The on-farm food safety program (formerly the Canadian Quality Milk, or CQM program) uses a science-based, preventative approach, internationally known as HACCP. This program helps farmers prevent and reduce food safety risks and hazards on their farms.
The food safety program was recognized by the Canadian Food Inspection Agency (CFIA) in May 2015 for promoting the consistent application of management practices and improving food safety management on Canadian dairy farms.
Canadian dairy farmers must manage these critical control points (CCPs) in order to minimize food safety risks: milking management, cooling & storage of milk, and shipping animals. In addition to CCPs, there are eight categories of best management practices (BMP). The requirements listed below are annually validated through self-declaration or through an independent validator.
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Dairy Facilities and Pesticides
Food Safety: Licensed dairy farm: Is your farm currently licensed to ship milk by the provincial regulatory authority?
Do you only use pesticides registered for use in the: milk house? barn? fields?
Do you use registered pesticides according to the label and follow pre-harvest intervals to harvest or grazing?
Do you store pesticides, treated seed and fertilizer in a safe and secure manner and according to provincial dairy regulations? (concerned with both cow & milk exposure)
Is any hose connected to the milk house or barn water system used for filling pesticide sprayers or containers? If yes, do you have an anti-backflow device?
Do your animal husbandry, manure and waste management systems ensure the cleanliness of lactating cattle’s udders, legs and flanks?
Do you restrict cattle access to manure storage or manure run-off?
At the time of milk pick-up, is the lane-way and loading area free of manure contamination?
If you use sewage sludge, do you have the necessary approval/permits required to use sewage sludge on your farm?
Feed and Water
Do you use medicated feed? If yes: have you established and implemented a Standard Operating Procedure for feeding medicated feeds?
Do you receive medicated feeds with milk or meat withdrawals or that are prohibited for use in lactating cattle? If yes, are feed bins and storage containers clearly marked for those who deliver the feed and for those that use it?
Do you have pet foods on your farm or feeds that are labeled not for use for ruminants? (i.e. clearly labelled with the warning: Feeding this product to cattle, sheep, deer or other ruminants is illegal and is subject to fines or other punishment under the Health of Animals Act.) If yes, do you store and handle those feeds to avoid feeding those feeds to cattle or cross-contaminating feeds for cattle?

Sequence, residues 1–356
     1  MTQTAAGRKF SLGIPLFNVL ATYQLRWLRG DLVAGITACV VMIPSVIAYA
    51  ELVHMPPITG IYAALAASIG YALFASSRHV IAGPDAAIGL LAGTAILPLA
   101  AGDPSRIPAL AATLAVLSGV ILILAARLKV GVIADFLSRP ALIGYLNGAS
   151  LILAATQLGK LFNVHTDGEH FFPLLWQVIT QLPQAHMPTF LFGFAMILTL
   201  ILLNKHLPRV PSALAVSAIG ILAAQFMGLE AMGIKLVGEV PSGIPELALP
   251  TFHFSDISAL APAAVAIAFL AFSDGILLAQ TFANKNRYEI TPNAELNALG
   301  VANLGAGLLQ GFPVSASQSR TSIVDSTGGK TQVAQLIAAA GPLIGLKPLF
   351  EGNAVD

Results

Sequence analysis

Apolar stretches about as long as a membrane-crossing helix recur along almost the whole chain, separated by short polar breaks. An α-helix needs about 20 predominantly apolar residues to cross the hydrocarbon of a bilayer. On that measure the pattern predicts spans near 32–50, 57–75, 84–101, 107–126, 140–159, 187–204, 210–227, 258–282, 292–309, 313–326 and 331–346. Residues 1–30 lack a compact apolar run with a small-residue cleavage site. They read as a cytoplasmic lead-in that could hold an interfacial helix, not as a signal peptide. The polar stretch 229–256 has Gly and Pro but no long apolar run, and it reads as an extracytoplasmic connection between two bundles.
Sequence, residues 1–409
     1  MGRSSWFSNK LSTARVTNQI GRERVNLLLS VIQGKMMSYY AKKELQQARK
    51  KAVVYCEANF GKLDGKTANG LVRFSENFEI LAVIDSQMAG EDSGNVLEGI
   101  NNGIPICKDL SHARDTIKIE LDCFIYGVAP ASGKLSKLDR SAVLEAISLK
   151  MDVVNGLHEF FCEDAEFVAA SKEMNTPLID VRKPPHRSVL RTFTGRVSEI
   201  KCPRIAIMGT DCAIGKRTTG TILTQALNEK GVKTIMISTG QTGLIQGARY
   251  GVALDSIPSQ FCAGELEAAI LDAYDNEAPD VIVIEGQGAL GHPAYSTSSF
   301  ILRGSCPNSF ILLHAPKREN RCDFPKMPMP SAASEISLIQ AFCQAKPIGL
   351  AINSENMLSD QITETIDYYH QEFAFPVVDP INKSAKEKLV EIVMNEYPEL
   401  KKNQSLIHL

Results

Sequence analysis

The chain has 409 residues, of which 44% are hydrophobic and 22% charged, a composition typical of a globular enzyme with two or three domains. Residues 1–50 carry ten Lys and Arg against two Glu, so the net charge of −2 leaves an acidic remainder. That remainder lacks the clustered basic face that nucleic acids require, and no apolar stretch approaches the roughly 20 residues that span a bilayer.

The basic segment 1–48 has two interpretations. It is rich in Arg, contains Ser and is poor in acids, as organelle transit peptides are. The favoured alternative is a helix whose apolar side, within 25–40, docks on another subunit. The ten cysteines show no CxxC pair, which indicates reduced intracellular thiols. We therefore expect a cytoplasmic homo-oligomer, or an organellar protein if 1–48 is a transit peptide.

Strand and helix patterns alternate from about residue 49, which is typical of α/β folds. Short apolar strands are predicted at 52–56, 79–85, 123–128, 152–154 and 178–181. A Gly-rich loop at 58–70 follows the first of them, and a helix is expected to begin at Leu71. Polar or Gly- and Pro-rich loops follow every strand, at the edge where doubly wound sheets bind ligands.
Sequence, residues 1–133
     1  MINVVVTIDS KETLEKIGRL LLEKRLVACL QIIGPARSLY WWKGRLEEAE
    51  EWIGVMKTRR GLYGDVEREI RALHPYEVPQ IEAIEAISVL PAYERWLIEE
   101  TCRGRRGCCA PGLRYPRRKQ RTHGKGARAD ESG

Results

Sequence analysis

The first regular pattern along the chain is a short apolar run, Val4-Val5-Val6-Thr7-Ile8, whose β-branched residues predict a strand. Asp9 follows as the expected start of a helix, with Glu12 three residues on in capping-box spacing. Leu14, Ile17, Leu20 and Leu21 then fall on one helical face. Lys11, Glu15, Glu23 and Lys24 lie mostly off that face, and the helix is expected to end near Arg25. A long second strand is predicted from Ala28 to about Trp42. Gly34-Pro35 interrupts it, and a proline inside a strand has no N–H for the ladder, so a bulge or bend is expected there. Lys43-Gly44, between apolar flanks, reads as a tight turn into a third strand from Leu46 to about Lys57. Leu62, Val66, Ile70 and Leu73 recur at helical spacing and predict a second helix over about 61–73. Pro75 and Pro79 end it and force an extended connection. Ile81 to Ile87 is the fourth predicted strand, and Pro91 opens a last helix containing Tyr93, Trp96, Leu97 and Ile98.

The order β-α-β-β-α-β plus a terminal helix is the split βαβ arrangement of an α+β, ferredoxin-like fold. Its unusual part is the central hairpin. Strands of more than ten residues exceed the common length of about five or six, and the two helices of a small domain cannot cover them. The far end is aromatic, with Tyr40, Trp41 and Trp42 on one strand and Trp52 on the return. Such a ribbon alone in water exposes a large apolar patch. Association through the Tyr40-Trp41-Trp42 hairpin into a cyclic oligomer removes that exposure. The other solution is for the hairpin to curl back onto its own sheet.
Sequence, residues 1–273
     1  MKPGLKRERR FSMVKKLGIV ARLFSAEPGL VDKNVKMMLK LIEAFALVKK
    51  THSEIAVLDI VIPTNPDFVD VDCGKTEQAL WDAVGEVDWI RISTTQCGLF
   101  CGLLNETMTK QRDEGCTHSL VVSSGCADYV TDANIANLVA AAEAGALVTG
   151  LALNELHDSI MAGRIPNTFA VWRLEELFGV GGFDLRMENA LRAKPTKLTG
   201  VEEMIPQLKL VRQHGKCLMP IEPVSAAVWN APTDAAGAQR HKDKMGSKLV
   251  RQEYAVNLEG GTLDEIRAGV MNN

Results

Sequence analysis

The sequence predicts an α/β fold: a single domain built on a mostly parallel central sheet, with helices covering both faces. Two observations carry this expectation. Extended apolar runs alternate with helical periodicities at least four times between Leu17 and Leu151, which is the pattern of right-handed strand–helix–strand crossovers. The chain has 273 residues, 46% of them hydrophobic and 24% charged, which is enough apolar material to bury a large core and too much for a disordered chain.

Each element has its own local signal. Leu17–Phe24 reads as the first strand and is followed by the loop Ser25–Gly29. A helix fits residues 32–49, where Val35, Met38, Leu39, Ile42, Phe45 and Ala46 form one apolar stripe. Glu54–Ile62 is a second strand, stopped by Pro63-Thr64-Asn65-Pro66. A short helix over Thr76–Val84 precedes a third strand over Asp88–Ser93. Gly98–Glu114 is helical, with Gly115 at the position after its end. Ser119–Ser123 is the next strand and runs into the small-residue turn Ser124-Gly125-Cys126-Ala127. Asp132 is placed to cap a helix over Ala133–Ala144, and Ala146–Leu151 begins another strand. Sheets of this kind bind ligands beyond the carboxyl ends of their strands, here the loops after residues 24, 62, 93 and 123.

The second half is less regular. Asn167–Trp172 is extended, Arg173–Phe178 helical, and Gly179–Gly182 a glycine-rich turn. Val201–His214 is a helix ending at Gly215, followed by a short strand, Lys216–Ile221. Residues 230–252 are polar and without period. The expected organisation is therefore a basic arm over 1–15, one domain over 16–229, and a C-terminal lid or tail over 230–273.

Do you identify all cattle to allow for the maintenance of treatment records? (e.g. ear tags)
Biosecurity and Animal Health
Do you have a Cattle Health Declaration signed by your veterinarian annually and the most recent version kept on file?
Medicines and Chemicals used on Livestock
Do you maintain a list of all medicines and chemicals that you use on livestock?
Do you store and handle livestock medicines and chemicals:
a) (including syringes and needles) in a clean and sanitary manner, in a dedicated place, according to label directions?
b) In a manner that will not contaminate: milk? Meat? Feeds?
c) For non-lactating and lactating dairy cattle, and products not intended for dairy cattle in separate areas or cupboards?
Do you use only livestock medicines (including medicated foot- baths):
- Approved in Canada for use in dairy cattle?
- According to the label?
- According to written veterinary directions, which must be available for every treatment administered not according to the label and for every veterinary drug used that is not approved for use in Canada?
Do you check for and record the identity of any animal and treatment site whose treatment resulted in an irretrievable broken needle?
Do you mark all treated cattle in the milking herd that have milk withdrawals (e.g. leg bands)? Specify type:
Do you maintain a permanent written record of all medicines and chemicals used on livestock that have a milk or meat withdrawal?
Have you established and implemented a Standard Operating Procedure for treating cattle?
Have you established and implemented a Standard Operating Procedure for pre-milking?
Have you established and implemented a Standard Operating Procedure for milking?